Papaver orientale '(Goliath Group) Beauty of Livermere'
20% off plants
- Standard £4.99
- Click & collect FREE
- Position: full sun
- Soil: moist, well-drained
- Rate of growth: fast-growing
- Flowering period: May to July
- Hardiness: fully hardy
A really exuberant oriental poppy, with sumptuous, large pillar-box red flowers in early summer and downy, mid green leaves. The silky tissue-paper petals of this tall, strong-stemmed poppy are splashed with black and each flower has a dark, velvety centre. Although the flowers of all oriental poppies are ephemeral, they are easy to grow, bring a zing to any planting scheme and each plant will produce several flowers. It cut back after flowering, they may even produce a second flush. Plant in a sunny border, alongside grasses or late summer-flowering perennials, such as dahlias, which will provide interest when the plant has died back.
- Garden care: Cut back to ground level after flowering. Lift and divide large clumps in autumn.
Do you want to ask a question about this?If so, click on the button and fill in the box below. We will post the question on the website, together with your alias (bunnykins, digger1, plantdotty etc etc) and where you are from (Sunningdale/Glasgow etc). We'll also post the answer to your question!
5 Questions | 5 Answers
Displaying questions 1-5
Q:If i get Beauty of Livermere now should i plant it outside straight away?Asked on 25/10/2015 by bozodog from wiltshire
As a general rule fully hardy plants that are grown in containers can be planted at any time of year as long as the soil isn't frozen solid. The best times are in the autumn when the soil is still warm enough to encourage root growth but the plant isn't in active growth, or the spring before the temperatures start to rise.
This plant is fully hardy so it can be planted out in the garden now, but as this is a young plant in a 9cm container, you might want to pot it up into a larger pot first.
Hope this helpsAnswered on 27/10/2015 by Anonymous from crocus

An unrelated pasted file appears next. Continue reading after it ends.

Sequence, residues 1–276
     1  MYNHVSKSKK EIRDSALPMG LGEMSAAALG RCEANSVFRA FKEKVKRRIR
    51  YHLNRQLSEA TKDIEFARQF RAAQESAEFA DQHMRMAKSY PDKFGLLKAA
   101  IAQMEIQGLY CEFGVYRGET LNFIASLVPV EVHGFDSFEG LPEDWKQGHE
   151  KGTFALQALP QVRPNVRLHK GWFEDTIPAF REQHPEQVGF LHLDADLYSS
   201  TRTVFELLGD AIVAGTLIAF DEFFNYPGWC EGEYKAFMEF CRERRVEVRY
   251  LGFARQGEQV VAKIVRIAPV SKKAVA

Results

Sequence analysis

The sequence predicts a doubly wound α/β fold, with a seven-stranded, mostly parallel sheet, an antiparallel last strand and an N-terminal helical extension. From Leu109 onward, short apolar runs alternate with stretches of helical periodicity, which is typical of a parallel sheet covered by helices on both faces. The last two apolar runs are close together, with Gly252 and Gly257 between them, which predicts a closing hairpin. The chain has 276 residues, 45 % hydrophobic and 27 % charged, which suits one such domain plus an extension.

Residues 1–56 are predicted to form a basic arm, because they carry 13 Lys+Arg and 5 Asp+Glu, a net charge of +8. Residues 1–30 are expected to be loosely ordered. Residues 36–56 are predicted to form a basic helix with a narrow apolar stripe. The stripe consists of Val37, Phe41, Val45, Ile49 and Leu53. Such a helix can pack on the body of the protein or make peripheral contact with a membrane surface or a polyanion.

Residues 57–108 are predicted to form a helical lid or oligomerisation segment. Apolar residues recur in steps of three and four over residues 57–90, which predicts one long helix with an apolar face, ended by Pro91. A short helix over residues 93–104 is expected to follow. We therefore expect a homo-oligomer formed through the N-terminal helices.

Q:I planted my poppy late last year and had a couple of lovely flowers on it but this year the flower is very low to the ground. Is there a problem with the plant or is it the result of unseasonable weather?Asked on 27/4/2015 by Seedling from Manchester
Some plants have been affected by the unusually dry spring, and I suspect this might be the underlying reason for this stunted growth. Just keep an eye on the watering and I suspect there will be no long term damage done.Answered on 15/5/2015 by Helen from crocus
Q:I have just received my Goliath poppy plant and was wondering when I can plant it outside ,many thanksAsked on 1/2/2013 by coco from sutton on sea
These plants are fully hardy so can be planted outside now. The only thing you will need to avoid is excessive winter wet.
I hope this helps,Answered on 4/2/2013 by Helen from Crocus
Q:Can I grow Tricyrtis formosana 'Dark Beauty' in a pot and Poppies at the bottom of the garden?
Hi, We have a tiny North facing shaded garden and I'm looking for some Autumn colour for our patio. Can I grow Tricyrtis formosana 'Dark Beauty' in a pot? If so how big should the pot be? If not can you recommend something else please? Also I'd love to grow some poppies, we get a fair amount of sunshine in the spring and summer at the very end of the garden will I be able to grow Papaver orientale 'Perry's White' and Papaver orientale 'Effendi' here? Thank you SallyAsked on 21/10/2009 by Sally Reay
A:Hello Sally, These do well in pots, and I would say one about 40 x 40cm filled with John Innes No2 would be suitable. As for the poppies, these flower best in full sun, but they will also grow in a little light shade. I'm afraid though it may be trial and error to see if your spot is sunny enough. I hope this helps. Helen Plant DoctorAnswered on 22/10/2009 by Crocus Helpdesk
Q:Advice on planting your pre-designed Red Summer border
Dear sir/madam I am particularly interested in buying the Red Summer Pre Designed Border. Please can you tell me whether these plants are suitable for planting in conjunction with weed inhibiting fabric. I want to minimise the amount of weeding required. Many thanks for your help RuthAsked on 22/6/2009 by Ruth Hamilton
A:Hello Ruth, You can plant these into the weed supressing fabric without any trouble at all, provided you make sure the fabric allows the water to drain through. All you need to do is cut big crosses into the fabric and peel back the edges to plant and then fold back the edges again. I hope this helps.Answered on 23/6/2009 by Crocus Helpdesk
Displaying questions 1-5